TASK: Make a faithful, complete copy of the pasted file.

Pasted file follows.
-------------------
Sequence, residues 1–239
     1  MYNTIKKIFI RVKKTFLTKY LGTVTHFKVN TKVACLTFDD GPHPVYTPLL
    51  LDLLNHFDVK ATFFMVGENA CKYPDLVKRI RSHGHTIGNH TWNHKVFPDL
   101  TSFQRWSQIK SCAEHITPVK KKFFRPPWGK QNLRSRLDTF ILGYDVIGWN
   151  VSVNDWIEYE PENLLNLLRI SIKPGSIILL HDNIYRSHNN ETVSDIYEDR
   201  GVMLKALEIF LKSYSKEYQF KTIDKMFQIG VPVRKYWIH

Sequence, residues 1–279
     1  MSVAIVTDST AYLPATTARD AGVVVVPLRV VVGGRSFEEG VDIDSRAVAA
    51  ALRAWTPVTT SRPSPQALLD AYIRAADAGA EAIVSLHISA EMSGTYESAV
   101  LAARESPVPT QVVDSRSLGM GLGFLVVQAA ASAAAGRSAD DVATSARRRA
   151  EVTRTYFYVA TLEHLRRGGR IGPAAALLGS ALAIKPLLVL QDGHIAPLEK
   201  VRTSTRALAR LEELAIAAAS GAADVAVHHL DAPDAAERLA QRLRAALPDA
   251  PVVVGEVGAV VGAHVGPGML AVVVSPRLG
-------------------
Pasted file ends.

Sequence, residues 1–239
     1  MYNTIKKIFI RVKKTFLTKY LGTVTHFKVN TKVACLTFDD GPHPVYTPLL
    51  LDLLNHFDVK ATFFMVGENA CKYPDLVKRI RSHGHTIGNH TWNHKVFPDL
   101  TSFQRWSQIK SCAEHITPVK KKFFRPPWGK QNLRSRLDTF ILGYDVIGWN
   151  VSVNDWIEYE PENLLNLLRI SIKPGSIILL HDNIYRSHNN ETVSDIYEDR
   201  GVMLKALEIF LKSYSKEYQF KTIDKMFQIG VPVRKYWIH

Sequence, residues 1–279
     1  MSVAIVTDST AYLPATTARD AGVVVVPLRV VVGGRSFEEG VDIDSRAVAA
    51  ALRAWTPVTT SRPSPQALLD AYIRAADAGA EAIVSLHISA EMSGTYESAV
   101  LAARESPVPT QVVDSRSLGM GLGFLVVQAA ASAAAGRSAD DVATSARRRA
   151  EVTRTYFYVA TLEHLRRGGR IGPAAALLGS ALAIKPLLVL QDGHIAPLEK
   201  VRTSTRALAR LEELAIAAAS GAADVAVHHL DAPDAAERLA QRLRAALPDA
   251  PVVVGEVGAV VGAHVGPGML AVVVSPRLG